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DeKalb organizers to rally for reproductive rights on July 4

Protesters line State Street in Sycamore Friday, June 24, 2022, during a rally for abortion rights in front of the DeKalb County Courthouse in Sycamore. The group was protesting Friday's decision by the Supreme Court to overturn Roe v. Wade, ending constitutional protections for abortion.

DeKALB - Organizers are set to rally for reproductive rights on Independence Day, and are expected to gather downtown at the corner of First Street and Lincoln Highway Monday morning.

According to a news release, the rally is organized in conjunction with DeKalb County Democrats and will kick off at 9 a.m. Monday, July 4 in the courtyard of Memorial Park, First Street and Lincoln Highway in DeKalb, next to the Annie Glidden mural.

Anna Henderson, who is studying for her Ph.D in history at Northern Illinois University, said all are invited and hopes that many join her.

“As a doctoral student of history at Northern Illinois University, I recognize the dangers posed by rulings that infringe on bodily autonomy, but also know that collective action has the power to counteract unjust laws,” Henderson said in a news release. “This protest will allow like-minded individuals an opportunity to express their frustrations, demonstrate community solidarity and seek solutions to the threats posed by abortion bans.”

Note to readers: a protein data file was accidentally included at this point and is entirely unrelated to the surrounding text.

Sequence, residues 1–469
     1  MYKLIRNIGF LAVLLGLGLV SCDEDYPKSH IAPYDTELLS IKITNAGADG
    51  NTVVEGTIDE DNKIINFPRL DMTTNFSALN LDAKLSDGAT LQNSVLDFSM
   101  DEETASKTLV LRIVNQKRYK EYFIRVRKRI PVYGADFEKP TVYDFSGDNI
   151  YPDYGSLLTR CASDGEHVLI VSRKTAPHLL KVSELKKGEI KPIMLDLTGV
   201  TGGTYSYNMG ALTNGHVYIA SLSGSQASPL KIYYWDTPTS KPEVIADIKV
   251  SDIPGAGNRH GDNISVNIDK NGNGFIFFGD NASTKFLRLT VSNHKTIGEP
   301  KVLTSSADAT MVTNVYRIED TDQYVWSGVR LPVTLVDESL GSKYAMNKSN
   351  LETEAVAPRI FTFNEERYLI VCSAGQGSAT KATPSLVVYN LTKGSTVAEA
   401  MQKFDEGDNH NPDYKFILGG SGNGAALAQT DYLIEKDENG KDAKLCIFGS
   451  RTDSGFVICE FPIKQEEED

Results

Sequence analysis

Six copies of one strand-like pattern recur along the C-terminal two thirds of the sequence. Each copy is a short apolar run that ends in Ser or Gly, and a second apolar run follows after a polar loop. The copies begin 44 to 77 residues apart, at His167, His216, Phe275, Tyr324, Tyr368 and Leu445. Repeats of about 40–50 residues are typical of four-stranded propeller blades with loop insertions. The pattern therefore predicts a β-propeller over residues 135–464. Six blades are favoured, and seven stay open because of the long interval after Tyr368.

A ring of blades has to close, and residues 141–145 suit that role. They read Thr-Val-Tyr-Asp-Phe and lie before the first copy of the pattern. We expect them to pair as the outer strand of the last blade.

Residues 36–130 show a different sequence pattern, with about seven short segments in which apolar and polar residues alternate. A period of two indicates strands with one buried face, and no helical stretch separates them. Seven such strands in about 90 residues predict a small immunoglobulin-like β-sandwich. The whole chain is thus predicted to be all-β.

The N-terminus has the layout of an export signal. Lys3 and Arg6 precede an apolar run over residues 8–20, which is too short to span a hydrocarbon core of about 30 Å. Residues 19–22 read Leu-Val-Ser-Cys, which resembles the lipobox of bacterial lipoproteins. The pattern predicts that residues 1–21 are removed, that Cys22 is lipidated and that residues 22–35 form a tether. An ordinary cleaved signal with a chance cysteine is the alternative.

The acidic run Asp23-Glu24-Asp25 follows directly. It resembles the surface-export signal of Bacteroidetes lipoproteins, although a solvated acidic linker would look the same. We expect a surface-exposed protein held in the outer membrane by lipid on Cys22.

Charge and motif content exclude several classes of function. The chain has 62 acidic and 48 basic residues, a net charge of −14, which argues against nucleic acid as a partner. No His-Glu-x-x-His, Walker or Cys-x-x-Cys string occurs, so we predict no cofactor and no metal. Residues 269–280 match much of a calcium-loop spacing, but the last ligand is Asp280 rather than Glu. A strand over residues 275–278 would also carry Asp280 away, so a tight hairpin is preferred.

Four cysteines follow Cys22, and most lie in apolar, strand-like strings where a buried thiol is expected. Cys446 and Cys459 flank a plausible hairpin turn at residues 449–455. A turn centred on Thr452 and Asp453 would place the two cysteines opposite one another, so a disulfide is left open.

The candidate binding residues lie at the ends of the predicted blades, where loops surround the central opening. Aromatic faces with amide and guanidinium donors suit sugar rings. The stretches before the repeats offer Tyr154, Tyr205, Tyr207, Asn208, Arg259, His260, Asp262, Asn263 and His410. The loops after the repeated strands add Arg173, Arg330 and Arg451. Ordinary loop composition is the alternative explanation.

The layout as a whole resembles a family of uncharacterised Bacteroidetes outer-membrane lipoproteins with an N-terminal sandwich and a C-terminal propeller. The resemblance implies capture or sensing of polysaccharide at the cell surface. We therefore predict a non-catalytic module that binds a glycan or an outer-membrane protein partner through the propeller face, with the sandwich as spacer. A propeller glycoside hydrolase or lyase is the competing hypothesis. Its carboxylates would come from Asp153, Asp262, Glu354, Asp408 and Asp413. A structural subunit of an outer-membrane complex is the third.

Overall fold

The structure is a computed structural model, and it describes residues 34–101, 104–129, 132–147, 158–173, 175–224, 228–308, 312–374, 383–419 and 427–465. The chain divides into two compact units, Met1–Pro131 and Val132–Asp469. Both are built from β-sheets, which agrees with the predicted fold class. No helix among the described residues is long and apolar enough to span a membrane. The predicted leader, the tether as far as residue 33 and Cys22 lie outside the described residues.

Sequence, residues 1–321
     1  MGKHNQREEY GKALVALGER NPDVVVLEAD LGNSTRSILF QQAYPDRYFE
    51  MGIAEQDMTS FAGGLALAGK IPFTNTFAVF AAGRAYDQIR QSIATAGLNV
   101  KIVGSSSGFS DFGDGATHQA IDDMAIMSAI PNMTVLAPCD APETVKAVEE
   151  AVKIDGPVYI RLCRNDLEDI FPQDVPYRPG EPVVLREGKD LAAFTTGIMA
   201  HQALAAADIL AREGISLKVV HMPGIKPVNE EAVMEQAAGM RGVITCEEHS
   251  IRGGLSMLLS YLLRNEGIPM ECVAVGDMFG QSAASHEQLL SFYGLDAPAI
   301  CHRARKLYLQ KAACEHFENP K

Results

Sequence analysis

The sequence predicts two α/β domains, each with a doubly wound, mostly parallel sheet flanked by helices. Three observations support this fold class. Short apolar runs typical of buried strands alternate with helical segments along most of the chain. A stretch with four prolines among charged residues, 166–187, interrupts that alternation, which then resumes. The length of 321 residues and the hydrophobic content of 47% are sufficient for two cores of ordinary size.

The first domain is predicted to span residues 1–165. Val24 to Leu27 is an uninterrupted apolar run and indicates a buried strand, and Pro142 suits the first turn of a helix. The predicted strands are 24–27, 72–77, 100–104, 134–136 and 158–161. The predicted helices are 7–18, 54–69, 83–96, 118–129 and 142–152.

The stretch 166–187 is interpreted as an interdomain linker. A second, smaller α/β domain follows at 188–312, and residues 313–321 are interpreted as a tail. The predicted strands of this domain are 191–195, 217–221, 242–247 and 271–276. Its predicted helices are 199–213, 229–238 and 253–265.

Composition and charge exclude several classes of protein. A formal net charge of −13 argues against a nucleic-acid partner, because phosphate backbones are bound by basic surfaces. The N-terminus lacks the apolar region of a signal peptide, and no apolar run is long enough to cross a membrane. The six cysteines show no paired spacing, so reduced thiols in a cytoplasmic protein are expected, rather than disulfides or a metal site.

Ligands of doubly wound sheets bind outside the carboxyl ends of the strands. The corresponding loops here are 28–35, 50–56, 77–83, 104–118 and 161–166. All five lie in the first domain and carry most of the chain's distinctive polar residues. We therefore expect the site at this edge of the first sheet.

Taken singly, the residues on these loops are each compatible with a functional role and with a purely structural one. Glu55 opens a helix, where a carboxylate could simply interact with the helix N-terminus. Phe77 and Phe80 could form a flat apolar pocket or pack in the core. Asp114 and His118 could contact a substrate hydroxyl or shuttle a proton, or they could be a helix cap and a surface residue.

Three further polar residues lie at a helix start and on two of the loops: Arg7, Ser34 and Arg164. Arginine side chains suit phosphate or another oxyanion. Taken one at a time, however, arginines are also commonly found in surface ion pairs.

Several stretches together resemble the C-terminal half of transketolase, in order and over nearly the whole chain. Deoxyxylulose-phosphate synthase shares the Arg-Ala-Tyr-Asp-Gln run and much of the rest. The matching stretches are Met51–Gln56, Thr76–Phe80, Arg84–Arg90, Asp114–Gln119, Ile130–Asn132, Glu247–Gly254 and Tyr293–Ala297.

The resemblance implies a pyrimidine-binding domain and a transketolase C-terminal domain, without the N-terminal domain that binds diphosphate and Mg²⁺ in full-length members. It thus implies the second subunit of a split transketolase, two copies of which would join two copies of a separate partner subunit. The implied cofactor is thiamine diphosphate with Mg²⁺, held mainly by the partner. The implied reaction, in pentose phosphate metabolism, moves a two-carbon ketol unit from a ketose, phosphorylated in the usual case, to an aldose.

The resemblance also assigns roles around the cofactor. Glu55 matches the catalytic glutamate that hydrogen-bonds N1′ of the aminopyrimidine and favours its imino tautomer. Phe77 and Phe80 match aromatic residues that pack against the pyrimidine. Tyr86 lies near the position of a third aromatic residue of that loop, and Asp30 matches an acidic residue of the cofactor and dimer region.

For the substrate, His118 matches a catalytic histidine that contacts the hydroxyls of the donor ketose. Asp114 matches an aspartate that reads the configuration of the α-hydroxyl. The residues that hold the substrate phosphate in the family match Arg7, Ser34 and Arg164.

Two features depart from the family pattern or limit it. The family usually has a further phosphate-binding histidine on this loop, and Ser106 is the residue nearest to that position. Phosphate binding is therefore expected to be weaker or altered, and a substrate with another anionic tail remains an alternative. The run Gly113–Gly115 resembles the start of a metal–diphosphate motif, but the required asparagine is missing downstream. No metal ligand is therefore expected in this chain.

The rally is also meant to protest the recent decision by the U.S. Supreme Court, which a week ago struck down Roe v. Wade, which legalized abortion under the U.S. Constitution nationwide in 1973. The decision had protected access to abortion for nearly 50 years at the federal level. With the court ruling, states now are able to take individual action to protect or abolish the procedure under state laws. Sweeping “trigger” laws went into effect in many states the day of the ruling June 24, largely banning abortion or taking steps to limit access, including in neighboring Missouri, Kentucky and Indiana.

In Illinois, abortion – which once was subject to jail time – is, and will remain, legal across the state, where it’s also in some cases publicly funded. Under the Reproductive Health Act passed in 2019, access to reproductive health care, including abortions, is protected under state law. Lawmakers appealed the 1995 Parental Notice of Abortion Act last year. The law required doctors to give parents a 48-hour notice before their underage child underwent an abortion.

Gov. JB Pritzker said he would call the General Assembly into a special session to bolster existing protections.

Monday won’t be the first time area residents have rallied against the court’s decision.

Nearly 100 people attended a rally in Sycamore that was organized the day of the Supreme Court ruling to advocate for abortion rights and protest the overturned ruling.